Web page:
After a long day of writing, researching and corresponding, there are often times I simply cannot turn off my mind and settle into an evening. Watching documentaries requires a semblance of attention for them to mean anything and I like to watch with pen and notebook in hand … just in case. One of my favourite methods to simply chill out of everything is to play a game of Solitaire. I don’t use an actual deck of cards as that would mean more physical involvement, I want to let my mind go without having to move the hands to shuffle and physically place cards. Stretched out on my sofa, mouse in hand, I simply click and let the mind roam… and, boy does it roam!
Solitaire? Has the woman lost her mind? No, she lets it meander off on a leash now and then ensuring its return eventually. And while it may appear mindless, there are many things to learn about life in the moving of the cards, the messages, the hints, and I often find myself mentally “speaking” to the computer.
Open the game and the computer automatically shuffles and deals and I make all the moves I can see, swapping cards and building decks. Then I deal from the deck sometimes removing one to build my decks. Then I run out of ideas and the program automatically prompts a move.
“Just because you suggest a move, doesn’t mean I have to make it”—sometimes I do, sometimes I don’t… most often not, just because I’m a rebel by nature.
I ask for a Hint which I again can either accept or reject, often it opens my eyes to something I have missed and, ignoring the Hint, I make my move first. Often it just simply prompts me to keep dealing—an exercise in futility. I can also undo my previous number of moves if I see a move I missed that may affect my winning the game.
I have set the deck to deal three cards at a time so only every third card shows and I have to make something out of whatever card is face-up, or deal again. I can see, as each three-card deal is made that there are cards I want, but I can’t get to them, so deal again for the next three and the next and the next often removing only one card in all the dealing. And then winning seems impossible, and I want to give up and simply start another game, but in removing only a single card from the deck, I have changed the whole dealing sequence and maybe, just maybe, what I need comes up. So I deal again and again and again.
And deal, and shuffle, and hint and undo until The Fat Lady sings her aria: “There are no more possible moves. What do you want to do? End game… Return and try again…” or, when I win, the cards go flying to the bottom of my screen with little hearts and stars and loud noise hailing my awesome achievement.
I never return and try again, so when I hit End Game, I am prompted… hmm… hold on while I play a quick losing game “Sorry you lost this game. Better luck next time!” And little boxes at the bottom tell me I can Play Again, Restart this game, or Exit and depending on the state of relaxation, I often hit Play Again… never Restart this game, what’s the point? Didn’t win it the first time, why play the same game again?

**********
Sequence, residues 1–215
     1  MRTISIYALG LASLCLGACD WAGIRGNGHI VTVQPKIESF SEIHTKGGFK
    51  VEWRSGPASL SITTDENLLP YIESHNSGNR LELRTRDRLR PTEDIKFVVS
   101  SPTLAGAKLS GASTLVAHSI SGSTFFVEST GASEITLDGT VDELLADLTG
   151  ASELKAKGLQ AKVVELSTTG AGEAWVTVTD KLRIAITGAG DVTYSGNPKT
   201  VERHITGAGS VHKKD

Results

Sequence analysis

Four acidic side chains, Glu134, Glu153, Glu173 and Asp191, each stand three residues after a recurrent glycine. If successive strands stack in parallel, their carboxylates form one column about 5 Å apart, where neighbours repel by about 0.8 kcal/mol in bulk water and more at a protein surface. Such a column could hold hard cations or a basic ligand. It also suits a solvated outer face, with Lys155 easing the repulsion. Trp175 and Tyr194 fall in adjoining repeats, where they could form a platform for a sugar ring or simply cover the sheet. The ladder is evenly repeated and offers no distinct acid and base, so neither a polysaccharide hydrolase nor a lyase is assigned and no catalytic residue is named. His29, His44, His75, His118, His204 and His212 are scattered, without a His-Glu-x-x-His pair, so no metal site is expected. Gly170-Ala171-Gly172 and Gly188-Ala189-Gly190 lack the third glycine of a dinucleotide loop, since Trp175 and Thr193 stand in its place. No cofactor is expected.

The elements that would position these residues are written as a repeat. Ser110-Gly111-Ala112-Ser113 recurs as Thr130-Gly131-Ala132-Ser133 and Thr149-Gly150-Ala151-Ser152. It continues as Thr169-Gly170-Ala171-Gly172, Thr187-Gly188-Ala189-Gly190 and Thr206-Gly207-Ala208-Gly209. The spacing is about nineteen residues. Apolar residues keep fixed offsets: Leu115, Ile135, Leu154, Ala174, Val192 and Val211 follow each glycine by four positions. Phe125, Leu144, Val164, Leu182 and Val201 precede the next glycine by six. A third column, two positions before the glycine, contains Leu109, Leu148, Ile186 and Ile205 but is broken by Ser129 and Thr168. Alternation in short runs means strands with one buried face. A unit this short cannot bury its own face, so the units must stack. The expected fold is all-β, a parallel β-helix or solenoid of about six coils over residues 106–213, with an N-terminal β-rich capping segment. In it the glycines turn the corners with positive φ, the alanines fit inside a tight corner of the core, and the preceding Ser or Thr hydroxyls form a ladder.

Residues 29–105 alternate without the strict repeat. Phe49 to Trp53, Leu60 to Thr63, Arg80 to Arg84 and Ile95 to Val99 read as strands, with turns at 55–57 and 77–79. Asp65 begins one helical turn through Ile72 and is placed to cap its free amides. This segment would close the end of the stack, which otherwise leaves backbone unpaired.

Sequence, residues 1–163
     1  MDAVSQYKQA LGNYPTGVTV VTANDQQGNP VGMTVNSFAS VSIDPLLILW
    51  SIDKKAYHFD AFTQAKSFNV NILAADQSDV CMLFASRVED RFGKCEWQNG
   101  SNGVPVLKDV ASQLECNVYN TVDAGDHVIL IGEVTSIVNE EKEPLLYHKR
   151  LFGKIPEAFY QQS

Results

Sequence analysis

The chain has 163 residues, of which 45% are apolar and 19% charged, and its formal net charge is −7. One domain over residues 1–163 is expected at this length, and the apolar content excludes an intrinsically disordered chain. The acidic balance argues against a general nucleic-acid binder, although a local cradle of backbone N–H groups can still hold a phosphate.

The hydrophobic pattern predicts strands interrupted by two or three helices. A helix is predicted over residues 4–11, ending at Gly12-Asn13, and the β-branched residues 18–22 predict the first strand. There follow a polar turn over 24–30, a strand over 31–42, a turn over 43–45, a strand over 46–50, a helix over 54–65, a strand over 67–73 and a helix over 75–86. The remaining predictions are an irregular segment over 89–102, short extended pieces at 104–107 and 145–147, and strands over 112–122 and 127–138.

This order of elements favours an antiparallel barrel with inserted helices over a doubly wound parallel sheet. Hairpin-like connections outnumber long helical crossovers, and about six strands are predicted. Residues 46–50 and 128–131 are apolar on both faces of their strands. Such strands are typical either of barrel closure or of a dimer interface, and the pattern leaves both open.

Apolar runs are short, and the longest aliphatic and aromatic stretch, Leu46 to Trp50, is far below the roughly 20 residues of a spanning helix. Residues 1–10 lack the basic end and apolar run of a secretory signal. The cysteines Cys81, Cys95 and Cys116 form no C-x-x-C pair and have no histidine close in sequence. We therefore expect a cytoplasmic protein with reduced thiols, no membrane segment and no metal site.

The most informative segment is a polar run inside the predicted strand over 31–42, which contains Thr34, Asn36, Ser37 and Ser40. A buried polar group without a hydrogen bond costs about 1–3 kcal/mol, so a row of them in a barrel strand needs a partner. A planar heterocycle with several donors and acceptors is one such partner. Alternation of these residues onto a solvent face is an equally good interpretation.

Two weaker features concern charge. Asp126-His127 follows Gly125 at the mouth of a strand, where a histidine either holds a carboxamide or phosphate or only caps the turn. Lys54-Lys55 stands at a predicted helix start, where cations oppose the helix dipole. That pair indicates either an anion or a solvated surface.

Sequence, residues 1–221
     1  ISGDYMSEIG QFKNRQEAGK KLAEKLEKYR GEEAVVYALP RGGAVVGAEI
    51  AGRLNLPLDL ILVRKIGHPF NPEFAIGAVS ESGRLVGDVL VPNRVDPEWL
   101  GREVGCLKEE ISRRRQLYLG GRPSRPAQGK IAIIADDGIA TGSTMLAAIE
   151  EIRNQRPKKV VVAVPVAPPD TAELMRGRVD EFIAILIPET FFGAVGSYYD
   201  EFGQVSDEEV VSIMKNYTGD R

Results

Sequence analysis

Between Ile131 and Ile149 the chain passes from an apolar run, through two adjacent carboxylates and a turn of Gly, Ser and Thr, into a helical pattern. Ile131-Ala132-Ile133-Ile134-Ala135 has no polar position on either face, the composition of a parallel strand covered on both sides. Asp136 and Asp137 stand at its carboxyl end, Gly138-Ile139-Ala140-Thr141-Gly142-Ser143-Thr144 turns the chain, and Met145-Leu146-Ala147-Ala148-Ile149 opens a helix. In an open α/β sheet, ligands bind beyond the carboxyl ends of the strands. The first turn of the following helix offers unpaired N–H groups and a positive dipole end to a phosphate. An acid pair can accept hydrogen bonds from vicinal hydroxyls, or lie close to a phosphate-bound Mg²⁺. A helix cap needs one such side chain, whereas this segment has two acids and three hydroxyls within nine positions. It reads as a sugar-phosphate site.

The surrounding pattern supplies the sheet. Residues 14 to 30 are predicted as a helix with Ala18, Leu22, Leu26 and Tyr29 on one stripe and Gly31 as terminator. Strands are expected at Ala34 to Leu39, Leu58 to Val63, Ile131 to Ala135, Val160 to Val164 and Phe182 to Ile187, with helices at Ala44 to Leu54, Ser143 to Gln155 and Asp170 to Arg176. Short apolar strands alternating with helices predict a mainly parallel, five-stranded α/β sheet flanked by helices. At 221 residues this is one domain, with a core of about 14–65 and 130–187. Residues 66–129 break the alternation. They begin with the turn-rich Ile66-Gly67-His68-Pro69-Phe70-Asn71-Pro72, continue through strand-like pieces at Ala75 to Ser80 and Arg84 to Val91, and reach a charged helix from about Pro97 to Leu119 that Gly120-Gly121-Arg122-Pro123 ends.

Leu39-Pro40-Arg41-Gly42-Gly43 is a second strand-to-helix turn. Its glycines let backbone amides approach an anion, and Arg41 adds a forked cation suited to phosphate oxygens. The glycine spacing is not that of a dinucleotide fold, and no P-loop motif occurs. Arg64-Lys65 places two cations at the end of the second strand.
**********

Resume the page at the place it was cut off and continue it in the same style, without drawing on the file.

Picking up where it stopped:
So I Play Again—new shuffle, new deal, sometimes I win, more often I lose, but that doesn’t stop me from trying another game. If in my playing, I can see there’s no way I’m going to win, I opt out of the game and hit New Game. I’m then prompted: “What do you want to do with the game in progress? Quit and start a new game—this counts as a loss in your statistics; Restart this game—this counts as a loss in your statistics; Keep playing”
Keep playing: “What on Earth do I want to keep playing for? I can see this is going to end badly. Keep playing is a waste of time and energy.”
Restart this game: “Why? Same old game, same old moves, didn’t see them before, ain’t going to see them next time around. So I lose this one? There are plenty more where this one came from and restarting it would be as ridiculous as replaying a CD with a scratch in your favourite song, hoping the next time around it will have miraculously healed itself. No matter how many times you play it, the scratch isn’t going to go away. Get a new CD.”
Quit and start a new game: “Let’s do it. So I lose this one, the next one I may win… or lose… but I keep going until I’ve had enough.”
And this is life—my life, anyways. I start a new game, the cards are dealt, I can see the ones I need but they’re just out of reach for the moment so I keep dealing, and when I remove a single card from the deck, I hope those I need will be open to me next or many deals around. I’m given “hints” in the form of advice which I consider carefully and either accept or reject when I notice something I’ve missed that may just help solve the problem. But I keep trying and trying until I either see this game is going nowhere and opt out, soliciting dire warnings of a “loss in my statistics” or I’m advised that it’s “End game… sorry you lost this game. Better luck next time!”
But there’s always a new game waiting to be played… somewhere… and I will play and shuffle and deal—and move until it’s time to Exit. And as I get older and wiser, I choose the games more carefully. The few times I see “Congratulations, you won the game!” the stars flying and music playing in my heart are such a thrill that make up for all the losing hands. And who knows, I may just win the next one… or the next. I have yet to be dealt all Aces in an opening hand, but that doesn’t mean they aren’t there, somewhere in this pack or another.